5)  When saying goodbye, does your three-year old:

a)  wave upon mom/dad saying, “Say bye-bye”, or in response to others waving to him/her

b)  Wave on his own, because he knows he’s leaving, and that’s what you do when you’re leaving

c) not wave.

I will post the description of what *I* might be looking for in an evaluation of a toddler (either typical or with suspected ASD) in my next post.  I’m really curious to know whether I am too harsh in my interviews (maybe?  Although I follow the algorithm of the interview VERY tightly) and whether my image of a “typical” toddler is, in fact, “typical”.

So…what does your (2-4 year old) kid do?  (**Don’t worry, these questions comprise only a *TINY* proportion of what I ask about, so even if your answers are, “never looks at anyone, doesn’t wave, and plays with fire”, I will not think any differently of your child.)

Thanks for your responses!

Or, “On Vaccines and Autism”.

I am going to jump off into the great divide.  With my previously-withheld, but now-spewing-forth, opinion.  

Before I give my little spiel, I will say this:  I am not going to try to give you a comprehensive literature review on this subject.  There is a TON of evidence out there.  I just checked back very quickly with Dr. Google prior to starting this entry, and was bowled over by the sheer number of web pages devoted to spewing out the research, dissecting the research, and interpreting the research for you, the concerned parent/interested party.  

If I were the parent of a 17-month old, about to be 18-month old, I think I’d want to crawl into a corner.

So I am not going to delve into the research, although I would be happy to help anyone who has questions or would like full-text articles for a citation.   You can find a link here that summarizes  the majority of the MMR-autism studies, although you will need to trust that they summarized the findings correctly.  And if you are doing research, you should DEFINITELY check out CHOP’s website on the topic, which is my absolute favorite.  They update it regularly. 

With that disclaimer, here is where I stand, as someone who has been working in autism research for the last several years.  I’ve interviewed hundreds of families with kids on the spectrum, from 12 months old to 55 years old.  

More than that, however, you should also know that I speak as someone who is not only at risk of having a biological child with a 1 in 150 chance of having a spectrum disorder (that is the population incidence rate) – my husband and I have a fairly significant family history of it.  So instead of 1 in 150, our biological child has roughly a 1 in 30 chance of having autism.  

Yes, it’s genetic.  

Genetics play a significant role in autism genesis.  It’s not genetic like hemophilia, or color blindness, or celiac disease is – it’s not even genetic like an autoimmune disease is.  It’s genetic in ways we don’t fully understand yet.  However, there are lots of studies occurring now to try to unearth the genetic underpinnings of the spectrum:  some rely on family phenotyping.  Some rely on biomarkers, like blood samples and DNA swabs (usually from cheek cells).  But we’re still working on what predisposes kids to developing a spectrum disorder and what causes them to actually evidence the symptoms that contribute to a diagnosis.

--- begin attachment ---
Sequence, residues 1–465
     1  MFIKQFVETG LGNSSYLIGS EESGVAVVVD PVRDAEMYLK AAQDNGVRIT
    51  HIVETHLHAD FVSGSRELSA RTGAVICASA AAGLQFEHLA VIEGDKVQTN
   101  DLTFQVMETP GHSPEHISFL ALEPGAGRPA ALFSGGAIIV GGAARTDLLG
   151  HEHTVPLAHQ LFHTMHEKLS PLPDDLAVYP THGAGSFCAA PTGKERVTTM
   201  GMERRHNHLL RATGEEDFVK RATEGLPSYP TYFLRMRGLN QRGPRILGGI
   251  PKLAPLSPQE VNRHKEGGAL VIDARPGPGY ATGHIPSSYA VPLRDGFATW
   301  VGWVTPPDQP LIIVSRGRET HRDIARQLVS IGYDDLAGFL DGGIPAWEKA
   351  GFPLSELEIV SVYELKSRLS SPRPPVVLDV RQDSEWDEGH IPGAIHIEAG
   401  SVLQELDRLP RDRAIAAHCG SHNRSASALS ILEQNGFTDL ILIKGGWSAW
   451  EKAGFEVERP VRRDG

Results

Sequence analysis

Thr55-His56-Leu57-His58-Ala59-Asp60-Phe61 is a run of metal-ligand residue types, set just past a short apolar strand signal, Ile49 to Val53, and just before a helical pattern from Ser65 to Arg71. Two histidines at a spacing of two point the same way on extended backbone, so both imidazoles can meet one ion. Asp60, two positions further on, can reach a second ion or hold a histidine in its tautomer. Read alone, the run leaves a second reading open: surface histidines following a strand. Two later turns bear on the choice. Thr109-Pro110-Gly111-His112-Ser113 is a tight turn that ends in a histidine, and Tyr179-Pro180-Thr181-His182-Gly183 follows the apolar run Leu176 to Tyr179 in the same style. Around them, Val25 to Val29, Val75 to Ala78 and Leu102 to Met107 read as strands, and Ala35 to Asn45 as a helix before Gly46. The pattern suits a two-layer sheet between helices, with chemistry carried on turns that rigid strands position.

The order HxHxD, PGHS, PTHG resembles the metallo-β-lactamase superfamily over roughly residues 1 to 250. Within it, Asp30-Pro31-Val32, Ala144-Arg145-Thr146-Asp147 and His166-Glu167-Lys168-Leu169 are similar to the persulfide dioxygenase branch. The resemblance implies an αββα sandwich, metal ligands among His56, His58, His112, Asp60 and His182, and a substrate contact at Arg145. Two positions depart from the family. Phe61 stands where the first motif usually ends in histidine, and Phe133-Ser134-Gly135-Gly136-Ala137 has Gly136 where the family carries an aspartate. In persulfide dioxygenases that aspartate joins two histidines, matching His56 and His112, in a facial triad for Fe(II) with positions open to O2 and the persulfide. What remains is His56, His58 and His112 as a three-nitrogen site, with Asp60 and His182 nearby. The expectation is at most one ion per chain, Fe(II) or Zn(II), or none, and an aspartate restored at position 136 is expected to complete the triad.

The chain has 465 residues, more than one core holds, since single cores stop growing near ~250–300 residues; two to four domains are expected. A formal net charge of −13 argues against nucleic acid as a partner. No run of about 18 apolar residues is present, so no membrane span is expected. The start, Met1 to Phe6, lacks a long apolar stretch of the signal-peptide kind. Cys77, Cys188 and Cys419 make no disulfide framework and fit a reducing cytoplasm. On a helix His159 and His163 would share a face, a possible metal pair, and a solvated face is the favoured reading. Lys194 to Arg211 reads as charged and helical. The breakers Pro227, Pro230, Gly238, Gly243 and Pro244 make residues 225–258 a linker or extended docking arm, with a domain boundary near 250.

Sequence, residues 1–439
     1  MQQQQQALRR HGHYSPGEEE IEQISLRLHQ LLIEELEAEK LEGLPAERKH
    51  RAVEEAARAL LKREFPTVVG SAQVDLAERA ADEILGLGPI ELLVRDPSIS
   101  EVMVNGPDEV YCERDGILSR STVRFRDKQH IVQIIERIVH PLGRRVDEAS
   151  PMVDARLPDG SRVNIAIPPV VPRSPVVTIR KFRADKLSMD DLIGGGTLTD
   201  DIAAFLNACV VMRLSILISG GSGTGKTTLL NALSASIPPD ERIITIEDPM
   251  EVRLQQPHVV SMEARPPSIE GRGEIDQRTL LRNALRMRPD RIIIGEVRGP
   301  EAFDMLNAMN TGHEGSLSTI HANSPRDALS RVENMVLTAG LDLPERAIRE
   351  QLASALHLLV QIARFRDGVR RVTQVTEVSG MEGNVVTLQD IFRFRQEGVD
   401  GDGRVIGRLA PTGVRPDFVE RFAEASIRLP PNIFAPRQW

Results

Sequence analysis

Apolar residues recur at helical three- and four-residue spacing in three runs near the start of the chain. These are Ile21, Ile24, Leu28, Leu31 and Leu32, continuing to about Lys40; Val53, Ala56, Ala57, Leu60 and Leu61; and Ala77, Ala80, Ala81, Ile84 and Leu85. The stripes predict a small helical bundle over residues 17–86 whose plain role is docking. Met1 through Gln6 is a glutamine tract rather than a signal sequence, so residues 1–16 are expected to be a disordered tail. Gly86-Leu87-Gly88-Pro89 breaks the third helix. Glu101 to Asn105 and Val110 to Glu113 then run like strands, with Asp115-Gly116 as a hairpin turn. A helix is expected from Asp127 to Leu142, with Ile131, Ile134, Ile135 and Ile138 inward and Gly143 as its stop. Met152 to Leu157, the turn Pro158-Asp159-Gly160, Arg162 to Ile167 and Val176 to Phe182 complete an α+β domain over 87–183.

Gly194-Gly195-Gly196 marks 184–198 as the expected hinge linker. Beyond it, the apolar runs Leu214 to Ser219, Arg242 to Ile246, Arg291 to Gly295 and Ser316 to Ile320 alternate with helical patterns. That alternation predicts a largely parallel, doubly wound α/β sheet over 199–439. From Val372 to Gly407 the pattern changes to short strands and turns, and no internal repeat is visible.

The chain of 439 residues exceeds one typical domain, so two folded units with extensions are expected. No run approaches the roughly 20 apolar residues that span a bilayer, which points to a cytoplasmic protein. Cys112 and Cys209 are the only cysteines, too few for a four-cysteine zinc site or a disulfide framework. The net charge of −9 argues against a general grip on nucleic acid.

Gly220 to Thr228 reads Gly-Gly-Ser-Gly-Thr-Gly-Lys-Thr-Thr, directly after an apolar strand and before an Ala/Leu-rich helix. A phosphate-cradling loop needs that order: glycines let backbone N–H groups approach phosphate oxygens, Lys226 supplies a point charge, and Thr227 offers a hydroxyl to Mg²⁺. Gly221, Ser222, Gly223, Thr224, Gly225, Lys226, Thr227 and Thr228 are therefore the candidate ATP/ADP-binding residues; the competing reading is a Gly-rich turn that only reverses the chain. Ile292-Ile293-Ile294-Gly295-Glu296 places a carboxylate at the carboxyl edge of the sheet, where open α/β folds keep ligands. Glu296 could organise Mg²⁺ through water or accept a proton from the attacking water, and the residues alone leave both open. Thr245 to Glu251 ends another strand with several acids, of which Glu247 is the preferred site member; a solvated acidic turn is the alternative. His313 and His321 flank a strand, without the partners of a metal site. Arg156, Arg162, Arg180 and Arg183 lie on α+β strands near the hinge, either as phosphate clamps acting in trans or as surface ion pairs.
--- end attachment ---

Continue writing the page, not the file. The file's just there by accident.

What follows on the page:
If you are curious about phenotyping, Simon Baron-Cohen has a great questionnaire online that will give you a sense of whether you might be more spectrum-y than not:  The Autism Quotient.

So anyway… vaccines?

Honestly, I wish it was so easy as to know it’s a vaccine that causes autism.  Do you know how much easier it would be?  We could just say to parents, “Screw the vaccine,” and we would have no more autism.  My husband and I could have a baby and just not vaccinate him/her, and we would be confident that he would be as neuro-typical as the next kid.

But, see, it’s not that easy.

I am vehemently against indicting the vaccines for the “rise” (and rise is in quotes:  there are a lot of reasons we have a higher number of recognized cases of autism, and while there is a moderate rise in cases today, it is not nearly the spike that it would appear to be) of autism spectrum disorders.  For one, vaccines do prevent the illnesses they are designed to prevent.  Those illnesses can kill kids or those with weakened immune systems.  Historically, we’ve allowed parents and families to make individual decisions about vaccinations because the rate of immunization remained high enough to protect the population (called herd immunity).  When the immunity (or vaccination rate) of the population falls below a critical mass, the entire population is at risk of an outbreak (and we’ve seen recent outbreaks of vaccine-preventable diseases in Utah, San Diego, Colorado, and other places).  It is in the public interest to vaccinate.  Telling a parent that her child has autism because she vaccinated – a civic duty, in my honest opinion – is an abdication of the truth, and it does the kids with autism a disservice.  If we truly believe that autism is caused by the MMR vaccine, kids who were not exposed to the vaccine would not get autism – but they do.  Many, many, do.  

Here’s the kicker, though:  we give the MMR vaccine at 18 months, right?   Guess what age is the most typical onset of a regression in a child with autism?  Yes, you would be correct:  18 months.